naomi chazan 88.
(photo credit: )
Jimmy Carter dared to warn, in the title of his recent book, that the Palestinian-Israeli relationship may be veering toward apartheid. One wonders whether he had any idea what one word could do. His semantic juxtaposition has caused many to bristle and others to lash back. The former president's facts have been questioned, his record queried, his values challenged, his proposals dismissed and his person assailed.
This vociferous barrage is itself a timely reminder of what one word should not be allowed to do. By no stretch of the imagination can it offer an excuse for not reading beyond a volume's jacket. Nor may it be used to divert attention from the situation on the ground. Terminology aside, it is vital for anyone concerned with the ongoing conflict to continuously reassess the conditions of Palestinians under Israeli overrule.
Despite its apparent relinquishment of civilian authority, Israel has deepened its control over residents of the West Bank and Gaza during the past few years. The diverse measures it employs have one theme in common: to divide Palestinians from each other and to separate them as much as possible from Israelis. Mobility has been severely constrained. Movement within the West Bank has become tortuous: The number of checkpoints has risen from 376 in August 2005 to 534 a month ago. Access to major roads, reserved primarily for settlers, is restricted. Permits to enter Jerusalem, the largest Palestinian population concentration, are barely attainable. The connection with Gaza has been effectively severed. And the security wall has enclosed Palestinians in enclaves that separate them from each other as well as from Israelis.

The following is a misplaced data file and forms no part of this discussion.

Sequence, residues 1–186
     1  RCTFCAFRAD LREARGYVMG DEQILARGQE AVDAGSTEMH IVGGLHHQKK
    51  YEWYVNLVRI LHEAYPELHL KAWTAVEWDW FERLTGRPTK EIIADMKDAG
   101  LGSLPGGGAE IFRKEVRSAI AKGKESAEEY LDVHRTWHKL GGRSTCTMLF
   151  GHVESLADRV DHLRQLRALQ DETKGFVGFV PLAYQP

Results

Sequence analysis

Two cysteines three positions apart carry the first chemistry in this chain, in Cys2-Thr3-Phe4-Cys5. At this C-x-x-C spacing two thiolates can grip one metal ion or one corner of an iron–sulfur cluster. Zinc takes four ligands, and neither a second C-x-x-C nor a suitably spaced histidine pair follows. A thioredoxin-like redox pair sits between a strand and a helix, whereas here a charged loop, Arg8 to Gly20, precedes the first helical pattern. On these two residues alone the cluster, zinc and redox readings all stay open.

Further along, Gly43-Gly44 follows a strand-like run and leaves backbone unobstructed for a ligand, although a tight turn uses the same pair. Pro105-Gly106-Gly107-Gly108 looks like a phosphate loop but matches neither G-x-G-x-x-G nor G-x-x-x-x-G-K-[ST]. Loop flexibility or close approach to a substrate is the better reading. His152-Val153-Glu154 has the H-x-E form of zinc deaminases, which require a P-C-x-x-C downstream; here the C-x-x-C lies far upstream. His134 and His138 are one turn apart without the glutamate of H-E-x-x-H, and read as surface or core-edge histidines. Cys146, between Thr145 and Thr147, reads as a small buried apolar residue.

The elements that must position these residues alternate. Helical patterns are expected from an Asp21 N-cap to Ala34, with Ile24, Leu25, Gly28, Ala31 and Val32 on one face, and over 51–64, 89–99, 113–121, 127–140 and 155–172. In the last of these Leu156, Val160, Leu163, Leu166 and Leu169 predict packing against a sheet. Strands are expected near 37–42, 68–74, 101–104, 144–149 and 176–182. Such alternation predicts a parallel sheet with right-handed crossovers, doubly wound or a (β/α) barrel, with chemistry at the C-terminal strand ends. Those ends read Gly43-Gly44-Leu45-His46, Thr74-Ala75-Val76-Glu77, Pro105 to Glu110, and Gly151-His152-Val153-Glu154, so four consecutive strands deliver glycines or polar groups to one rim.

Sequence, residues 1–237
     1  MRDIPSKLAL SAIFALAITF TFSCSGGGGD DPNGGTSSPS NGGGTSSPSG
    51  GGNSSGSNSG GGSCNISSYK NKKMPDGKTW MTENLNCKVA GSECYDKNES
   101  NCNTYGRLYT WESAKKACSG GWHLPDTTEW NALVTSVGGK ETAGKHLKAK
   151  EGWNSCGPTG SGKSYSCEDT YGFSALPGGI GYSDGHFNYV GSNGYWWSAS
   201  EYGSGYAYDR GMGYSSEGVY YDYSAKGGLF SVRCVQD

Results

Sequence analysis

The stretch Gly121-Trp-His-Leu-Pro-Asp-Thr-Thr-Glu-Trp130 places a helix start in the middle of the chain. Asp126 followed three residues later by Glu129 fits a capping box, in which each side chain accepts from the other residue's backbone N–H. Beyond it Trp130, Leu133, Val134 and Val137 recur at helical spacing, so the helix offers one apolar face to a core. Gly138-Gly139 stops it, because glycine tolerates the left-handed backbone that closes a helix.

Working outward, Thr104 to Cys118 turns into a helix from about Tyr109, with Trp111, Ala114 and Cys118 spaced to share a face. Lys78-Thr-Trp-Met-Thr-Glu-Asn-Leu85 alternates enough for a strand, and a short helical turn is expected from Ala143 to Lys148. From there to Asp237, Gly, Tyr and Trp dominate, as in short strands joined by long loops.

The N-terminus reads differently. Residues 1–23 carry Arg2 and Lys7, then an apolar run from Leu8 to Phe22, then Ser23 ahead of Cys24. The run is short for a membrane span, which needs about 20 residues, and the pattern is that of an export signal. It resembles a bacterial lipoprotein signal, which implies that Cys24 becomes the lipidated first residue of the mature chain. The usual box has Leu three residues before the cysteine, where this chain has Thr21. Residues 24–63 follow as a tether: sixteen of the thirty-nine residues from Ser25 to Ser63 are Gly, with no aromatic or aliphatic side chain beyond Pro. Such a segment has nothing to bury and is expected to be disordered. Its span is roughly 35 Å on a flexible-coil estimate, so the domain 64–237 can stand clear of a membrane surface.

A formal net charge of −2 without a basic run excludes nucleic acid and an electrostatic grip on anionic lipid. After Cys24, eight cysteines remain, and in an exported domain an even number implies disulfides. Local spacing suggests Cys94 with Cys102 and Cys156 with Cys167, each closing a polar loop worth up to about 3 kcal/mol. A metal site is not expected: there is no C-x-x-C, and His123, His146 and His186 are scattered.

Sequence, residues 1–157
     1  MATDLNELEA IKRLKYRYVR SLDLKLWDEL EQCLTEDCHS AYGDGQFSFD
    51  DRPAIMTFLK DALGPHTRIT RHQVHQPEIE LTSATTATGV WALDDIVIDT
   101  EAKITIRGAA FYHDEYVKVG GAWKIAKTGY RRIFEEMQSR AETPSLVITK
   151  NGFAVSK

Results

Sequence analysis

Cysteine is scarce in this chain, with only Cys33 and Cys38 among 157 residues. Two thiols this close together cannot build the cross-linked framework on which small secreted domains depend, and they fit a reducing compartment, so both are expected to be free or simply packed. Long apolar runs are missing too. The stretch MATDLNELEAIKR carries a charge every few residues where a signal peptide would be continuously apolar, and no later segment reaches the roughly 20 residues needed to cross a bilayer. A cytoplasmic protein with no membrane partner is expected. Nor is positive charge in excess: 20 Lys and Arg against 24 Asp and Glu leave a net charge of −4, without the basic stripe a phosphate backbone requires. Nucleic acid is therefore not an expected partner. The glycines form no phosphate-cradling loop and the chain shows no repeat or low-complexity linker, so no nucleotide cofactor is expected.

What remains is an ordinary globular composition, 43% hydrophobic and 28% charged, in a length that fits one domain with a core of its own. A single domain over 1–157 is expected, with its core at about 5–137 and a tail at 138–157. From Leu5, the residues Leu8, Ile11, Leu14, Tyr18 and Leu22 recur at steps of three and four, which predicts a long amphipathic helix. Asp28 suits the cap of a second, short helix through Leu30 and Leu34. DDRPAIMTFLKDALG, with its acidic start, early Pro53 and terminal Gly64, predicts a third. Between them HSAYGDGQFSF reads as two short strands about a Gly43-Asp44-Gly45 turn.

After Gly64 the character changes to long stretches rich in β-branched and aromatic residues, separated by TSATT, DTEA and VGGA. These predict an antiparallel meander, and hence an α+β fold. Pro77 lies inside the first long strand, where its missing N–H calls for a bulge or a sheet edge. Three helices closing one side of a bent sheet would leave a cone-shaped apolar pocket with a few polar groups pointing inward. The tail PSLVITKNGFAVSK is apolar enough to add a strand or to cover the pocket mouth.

A series of petty annoyances combine to make daily life at best unpredictable and at worst impossible. Cars are arbitrarily stopped for hours. People cannot get to work, pupils to schools or the sick to medical centers on time. Persistent humiliation and harassment - reported only when they reach outrageous heights - are so commonplace as to be an integral part of an increasingly downtrodden existence.
THE INHERENT contradictions in the hundreds of military directives that govern Palestinians range from the infuriating to the ludicrous. Israel controls the population register, but Palestinians are denied access to the relevant offices to record personal changes. Israeli traffic laws apply in the territories, but there is no way to pay the fines. Palestinians in Jerusalem pay city taxes but are not privy to basic services.
These - and many more - artificial barriers are also designed to prevent human contact. Palestinians can fall in love, but if one of them holds a foreign passport, they can no longer live together. Arab citizens of Israel may marry Palestinians, but not bring them home. Israelis and Palestinians, once able to meet freely, can't see each other without flouting the law.